Thursday, June 25, 2015

The Color of Morning

I imagine more than a few of my readers hunt and fish.  They understand all about  getting up  way too early because you wanted to? Awoken while the sky was black infinitude, only a small sliver of moonlight to guide you as you leave your house. As you roamed the land seeking, moonbeams a soft caress, sculpting your form as you climb into your blind, as if climbing closer to the sky you can hold heaven even closer.

Have you ever watched the color of the dawn? Really watched it as it turns from black to pink to orange to the brilliant white of the world. When the dawn lightens behind the stark shapes of your life, and like a rose unfolding, like a lovers first kiss, there's a quivering beginning of hope.

Most people don't. Most people hit the snooze button. Weekends I do that as well, snuggled face down, legs splayed, arms out, laid out on a king sized pillowtop alter to the god of sleep. But I know, that eventually I will have to get up and go. But today? It's Saturday. Today I don't want to. I'm not really exhausted but neither am I bound by some duty to leap out of bed, I'm simply hung up, trapped under a log in a current of time and environment, that has no direction, beneath a sullen night sky that will continue to wane towards yet another evening, toying with me, until maybe I'm shot out into the current that I was pulled into sleep from, and in the meantime it doesn't matter.

For years, there was no reason to get up early.

Except him. So with soft warm breathe and the nudge of whiskers he would find me, underneath the warm Pendleton blanket, like a caretaker, rousting out a soul found napping in a pew long after services are over, nudging me towards the door with the urgency born of prisoned spring and small doggie bladder.

It's early. TOO early. The sky is the darkness of stone formed deep within the earth, that only when split open, reveals its wondrous color. For whatever reason, it beckoned. So on such mornings, rather than crawl back into bed when Barkley was done with the unexpected revelry of cold snout, I grabbed my gun and stepped out into the world to watch it unfold.

Settled up with my back against a tree, I watched as the color cracked open the earth, just a hint of a smile as it shy stepped to take a bow.

What struck me were the colors. How do you describe such color? A red of a royal blue-red, that in centuries past would have been forbidden to be worn by the masses, on threat of death. Oranges and yellows, dripping like forgotten fruit into the horizon, their taste and texture, fragrant and lush against the plate of the earth. Pink and white, the color of salt water snails found in the submerged sands of paradise, washed clean of their prison. Then finally blue, just a hint of blue, paler even than the bluest sky I remember from my last time aloft, just a hint of blue, fading, for into the sky comes the weather, thick clouds pulled up by the still slumbering earth to cover it and keep it warm.

Soon, too soon, before the sun could even warm the earth, warm me, blue grey gave way to grey, like the whole of Lee's army taking over the battlefield between night and dawn, leaving remnants, blood red on the ground, quickly leeching into the earth, til soon, nothing is left but a grey cloudy darkness again. And so I sat, under sunless, moonless cover, Barkley would go back to sleep beside me, the birds not yet awake, his interest only in being next to me. So dark. So quiet. I was left to trace in the early morning with my eyes closed, all those variated colors that I held for an instant, all the colors that I cataloged in memory, alone in the darkness, the lost hues and shades, sitting by a slumbering dog with hair the color of a starless night, alone, the world turning surely if slowly to gray.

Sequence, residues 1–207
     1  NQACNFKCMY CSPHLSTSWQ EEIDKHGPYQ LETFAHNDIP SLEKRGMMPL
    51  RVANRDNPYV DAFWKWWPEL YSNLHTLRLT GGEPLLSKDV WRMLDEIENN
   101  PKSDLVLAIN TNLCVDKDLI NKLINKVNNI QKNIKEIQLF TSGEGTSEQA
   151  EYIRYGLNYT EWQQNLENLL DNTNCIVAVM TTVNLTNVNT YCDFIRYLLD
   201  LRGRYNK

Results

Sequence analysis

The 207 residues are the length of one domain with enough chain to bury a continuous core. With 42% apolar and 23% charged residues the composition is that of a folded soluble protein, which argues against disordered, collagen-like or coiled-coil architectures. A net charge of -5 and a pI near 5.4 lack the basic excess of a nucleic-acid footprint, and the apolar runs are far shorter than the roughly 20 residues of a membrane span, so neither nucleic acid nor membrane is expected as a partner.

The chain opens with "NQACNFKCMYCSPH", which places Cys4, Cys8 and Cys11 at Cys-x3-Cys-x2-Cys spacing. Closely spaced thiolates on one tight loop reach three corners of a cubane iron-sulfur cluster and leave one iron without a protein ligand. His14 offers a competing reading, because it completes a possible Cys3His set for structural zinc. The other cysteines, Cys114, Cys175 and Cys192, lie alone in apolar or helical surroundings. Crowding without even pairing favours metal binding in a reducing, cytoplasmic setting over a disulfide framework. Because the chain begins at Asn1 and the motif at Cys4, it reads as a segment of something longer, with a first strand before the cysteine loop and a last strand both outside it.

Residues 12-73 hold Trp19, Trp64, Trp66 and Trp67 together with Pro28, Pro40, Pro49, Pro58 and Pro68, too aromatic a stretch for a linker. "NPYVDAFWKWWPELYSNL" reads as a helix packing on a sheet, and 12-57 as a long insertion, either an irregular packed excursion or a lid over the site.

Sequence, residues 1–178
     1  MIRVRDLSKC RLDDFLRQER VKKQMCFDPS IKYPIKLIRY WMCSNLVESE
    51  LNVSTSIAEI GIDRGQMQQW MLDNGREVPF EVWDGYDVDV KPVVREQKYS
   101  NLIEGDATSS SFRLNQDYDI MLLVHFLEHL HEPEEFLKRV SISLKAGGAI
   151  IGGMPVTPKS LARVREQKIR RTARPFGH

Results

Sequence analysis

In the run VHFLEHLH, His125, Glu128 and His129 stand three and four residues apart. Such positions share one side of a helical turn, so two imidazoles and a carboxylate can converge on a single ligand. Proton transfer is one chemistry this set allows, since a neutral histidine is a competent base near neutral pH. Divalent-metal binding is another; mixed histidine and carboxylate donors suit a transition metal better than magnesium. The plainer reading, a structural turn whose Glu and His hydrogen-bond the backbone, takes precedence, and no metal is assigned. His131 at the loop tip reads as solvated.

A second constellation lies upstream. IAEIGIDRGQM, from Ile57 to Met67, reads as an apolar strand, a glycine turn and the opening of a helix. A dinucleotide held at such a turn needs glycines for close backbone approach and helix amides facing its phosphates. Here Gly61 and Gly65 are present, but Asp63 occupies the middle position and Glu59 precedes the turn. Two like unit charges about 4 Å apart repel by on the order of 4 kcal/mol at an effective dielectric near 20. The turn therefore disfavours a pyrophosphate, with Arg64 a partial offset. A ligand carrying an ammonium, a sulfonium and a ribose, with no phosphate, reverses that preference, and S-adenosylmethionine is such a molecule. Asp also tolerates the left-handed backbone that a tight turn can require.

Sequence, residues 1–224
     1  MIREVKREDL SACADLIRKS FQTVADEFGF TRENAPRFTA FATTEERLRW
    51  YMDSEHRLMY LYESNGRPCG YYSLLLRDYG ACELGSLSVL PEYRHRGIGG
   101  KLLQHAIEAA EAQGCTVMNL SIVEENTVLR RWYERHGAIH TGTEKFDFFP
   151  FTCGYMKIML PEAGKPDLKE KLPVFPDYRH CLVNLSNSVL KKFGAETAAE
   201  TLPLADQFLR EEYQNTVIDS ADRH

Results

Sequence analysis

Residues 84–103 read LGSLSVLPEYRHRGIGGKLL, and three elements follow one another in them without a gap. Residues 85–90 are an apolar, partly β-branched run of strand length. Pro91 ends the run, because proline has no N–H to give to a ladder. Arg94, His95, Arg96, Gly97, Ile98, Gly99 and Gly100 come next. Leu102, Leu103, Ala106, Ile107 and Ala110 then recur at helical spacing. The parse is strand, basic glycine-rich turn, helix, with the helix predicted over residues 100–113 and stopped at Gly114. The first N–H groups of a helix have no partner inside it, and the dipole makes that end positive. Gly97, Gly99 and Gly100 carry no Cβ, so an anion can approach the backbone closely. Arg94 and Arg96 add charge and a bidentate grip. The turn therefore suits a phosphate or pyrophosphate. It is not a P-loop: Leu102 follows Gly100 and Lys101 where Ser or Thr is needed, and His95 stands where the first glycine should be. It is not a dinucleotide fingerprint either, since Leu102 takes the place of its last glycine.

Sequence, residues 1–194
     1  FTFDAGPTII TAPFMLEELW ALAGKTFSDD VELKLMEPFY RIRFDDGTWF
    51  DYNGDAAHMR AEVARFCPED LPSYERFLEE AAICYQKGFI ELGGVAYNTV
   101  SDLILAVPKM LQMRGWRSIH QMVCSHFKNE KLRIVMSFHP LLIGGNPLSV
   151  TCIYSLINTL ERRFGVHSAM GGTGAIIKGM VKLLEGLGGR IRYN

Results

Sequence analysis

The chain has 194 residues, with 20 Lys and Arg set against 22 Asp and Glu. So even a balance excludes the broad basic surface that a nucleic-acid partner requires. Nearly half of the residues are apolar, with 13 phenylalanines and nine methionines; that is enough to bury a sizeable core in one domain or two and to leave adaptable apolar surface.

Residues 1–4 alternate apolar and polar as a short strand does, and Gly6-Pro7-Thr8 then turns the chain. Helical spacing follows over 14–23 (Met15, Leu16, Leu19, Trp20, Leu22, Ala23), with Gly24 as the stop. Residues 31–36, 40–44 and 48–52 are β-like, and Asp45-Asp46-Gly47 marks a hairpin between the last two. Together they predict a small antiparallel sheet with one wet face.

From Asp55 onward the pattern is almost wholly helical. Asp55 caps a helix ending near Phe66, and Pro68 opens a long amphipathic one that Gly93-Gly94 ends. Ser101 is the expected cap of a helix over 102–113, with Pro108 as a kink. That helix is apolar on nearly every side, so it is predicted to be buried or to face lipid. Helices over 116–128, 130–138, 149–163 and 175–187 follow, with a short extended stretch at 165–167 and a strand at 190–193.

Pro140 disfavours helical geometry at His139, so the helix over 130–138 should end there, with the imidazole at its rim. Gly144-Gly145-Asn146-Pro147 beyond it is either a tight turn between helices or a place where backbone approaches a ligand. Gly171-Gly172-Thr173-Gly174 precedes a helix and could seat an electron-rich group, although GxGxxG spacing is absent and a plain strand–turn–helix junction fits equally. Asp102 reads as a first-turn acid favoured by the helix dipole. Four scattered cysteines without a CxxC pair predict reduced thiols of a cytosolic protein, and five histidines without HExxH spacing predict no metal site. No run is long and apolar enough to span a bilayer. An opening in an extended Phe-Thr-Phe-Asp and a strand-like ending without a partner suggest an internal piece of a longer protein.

But if I keep my eyes closed, here and now, closed real tight, I can still see the sun, bursting across the back of my eyelids, in the frames of memory of other warm mornings. Color splashing across blackness, set loose in a sudden spray, a thought of someone in the back of my mind, who's light feels warm and comforting, like electricity before the blackout. Someone long gone from this life, though they follow me on every outdoor outing. With the light, there are thoughts of those hunts, those glorious days, a sudden flash of light in this dark world. So I keep my eyes closed as long as I can, to hold the picture in. Hold that memory close. I've got the first light of thought in my soul, stored in a photograph engraved on my eyes, and it will keep me until the sight of another dwindled dawn brings you to me.


  1. Yes. Yes, I have deliberately, with determination and forethought, watched the black night turn into morning, into day. The smells and sounds and temperatures of the night, heating and melting into the awakening morning with the quieting of crickets and the first wakeup calls of the early birds, the cool wind warming with the dawn.
    The experience was tremendously amplified when my wife and I watched sunrise at the south rim of the Grand Canyon.
    There are NO words.
    Thank you for the reminder.

    Rich in NC

  2. There are reasons beyond hunting and fishing to rise early and enjoy a sunrise. Walking with the dog is one. We lost ours a few months ago so the big impetus to get out into the morning is gone, but I still go sometimes and for other reasons. In addition to seeing the world around you slowly change from dark to light you get to smell and hear some portion of the world that was asleep slowly waking and smell and hear the changing of the seasons, slowly and relentlessly.

    Mornings are wonderful. But so is catching an extra few minutes of sleep once in a while ;)


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